Lucy Kirkwood's sparky new play is not about all four points of the compass with a bit missing off the "E," nor is the title a modest, self-critical acronym for "Not So Flipping Wonderful" after all; it's a reference to on-line material - "Not Safe For Work" - which might embarrass you if viewed at your desk in office, school or factory.

Actually, it's a bit of a misnomer, because the play's not really about pornography but the kind of mainstream lads' magazines that are big on bikes and breasts, and the kind of popular girls' magazines that circle flawed body parts in red ink and write crude comments in bubble captions.

Kirkwood's identified a large target about which we're all in agreement, even, I imagine, the people who read this bilge. And that's both the play's weakness and the source of its strength, in showing how the media culture weakens the resolve of the intelligent people who work within it.

In the first half (of a very short, slightly under-nourished 80-minute evening), Julian Barratt of the Mighty Boosh is keeping "Doghouse" afloat with his Local Lovelies competition. But there's trouble brewing when this month's winner turns out to be seriously under-age and her father comes storming into the West End from Manchester carrying a plastic bag and a note from his lawyer.

Barratt's sidekicks include Henry Lloyd-Hughes as posh Rupert (his trust fund status means he can do and say what he likes) and Sacha Dhawan as Sam, a more principled journalist who is deeply in love with his girlfriend and has a long speech about getting married that excludes him from the next "man challenge" jaunt.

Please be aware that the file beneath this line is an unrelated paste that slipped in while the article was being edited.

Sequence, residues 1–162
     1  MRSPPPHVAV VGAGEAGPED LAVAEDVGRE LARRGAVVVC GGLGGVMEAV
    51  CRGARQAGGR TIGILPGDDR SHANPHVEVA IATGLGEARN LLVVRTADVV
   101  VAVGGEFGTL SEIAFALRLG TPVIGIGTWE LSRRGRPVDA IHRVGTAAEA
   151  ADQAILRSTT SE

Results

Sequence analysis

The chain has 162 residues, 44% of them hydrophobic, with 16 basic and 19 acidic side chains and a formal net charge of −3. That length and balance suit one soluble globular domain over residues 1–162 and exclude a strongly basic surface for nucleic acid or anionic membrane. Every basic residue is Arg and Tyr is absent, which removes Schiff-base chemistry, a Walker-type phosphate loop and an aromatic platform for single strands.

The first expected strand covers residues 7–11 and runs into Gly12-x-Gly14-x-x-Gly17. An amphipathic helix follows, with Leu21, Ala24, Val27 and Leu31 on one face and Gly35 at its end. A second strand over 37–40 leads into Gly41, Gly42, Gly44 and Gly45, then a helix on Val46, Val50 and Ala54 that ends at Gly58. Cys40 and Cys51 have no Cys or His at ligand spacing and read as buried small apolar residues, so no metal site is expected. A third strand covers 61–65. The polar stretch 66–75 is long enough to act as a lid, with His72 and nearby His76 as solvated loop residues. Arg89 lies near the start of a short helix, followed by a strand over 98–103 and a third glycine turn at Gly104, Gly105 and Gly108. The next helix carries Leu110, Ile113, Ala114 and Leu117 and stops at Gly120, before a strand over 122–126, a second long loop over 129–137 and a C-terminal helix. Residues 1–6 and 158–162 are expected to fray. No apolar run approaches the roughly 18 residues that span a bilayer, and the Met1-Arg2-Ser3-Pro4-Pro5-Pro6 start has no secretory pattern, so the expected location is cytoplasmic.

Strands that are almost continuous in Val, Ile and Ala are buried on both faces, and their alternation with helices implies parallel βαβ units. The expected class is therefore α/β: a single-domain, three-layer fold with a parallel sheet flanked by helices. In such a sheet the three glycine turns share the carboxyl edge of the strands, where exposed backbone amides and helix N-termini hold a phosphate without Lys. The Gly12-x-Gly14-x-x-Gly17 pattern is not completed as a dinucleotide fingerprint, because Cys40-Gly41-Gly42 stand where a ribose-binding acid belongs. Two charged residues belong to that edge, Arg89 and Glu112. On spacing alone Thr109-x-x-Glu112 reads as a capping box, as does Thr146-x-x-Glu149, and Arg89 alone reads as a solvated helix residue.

The irate father (Kevin Doyle) is easily out-foxed by Barratt's overweening, vicious editor, but his colleagues have jumped ship when the play moves - in a brilliant design coup by Tom Pye - from the lads' enclave to the cool, curtained premises of "Electra" magazine where Janie Dee almost pulls off a killer turn as Meryl Streep in The Devil Wears Prada, though she looks far more like the strangely attractive Emma Soames.

Janie Dee in NSFW. Photo: Stephen Cummiskey
Dee's poise and beauty carry her through an unlikely transformation scene, following the sight of Rupert undergoing Botox treatment (so a man experiences what women suffer, ho-hum; we just had all that on this stage, thanks, with Stephen Mangan giving birth in a Joe Penhall play) and emerging as Mrs Thatcher (oh no, not her again) and Sam wavering on a point of crummy editorial practice.

Simon Godwin's production is slick and funny. He and Kirkwood have probably come up with something of great appeal to a media-savvy metropolitan younger generation, and Barratt once again proves (as he did in The Government Inspector at the Young Vic) that you sometimes don't have to be an actor to get away with acting well; he's wonderfully relaxed on the stage, and perfectly audible.

But for all its satirical rib-tickling and post-feminist insistence that there's nothing immoral in going on and on about people's (mostly women's) physical appearance, there remains something deeply unsavoury about the play, and deeply rotten in the state of fashion and celebrity journalism, especially those branches of it that can't even be bothered to go beyond the private parts to rumble the private lives.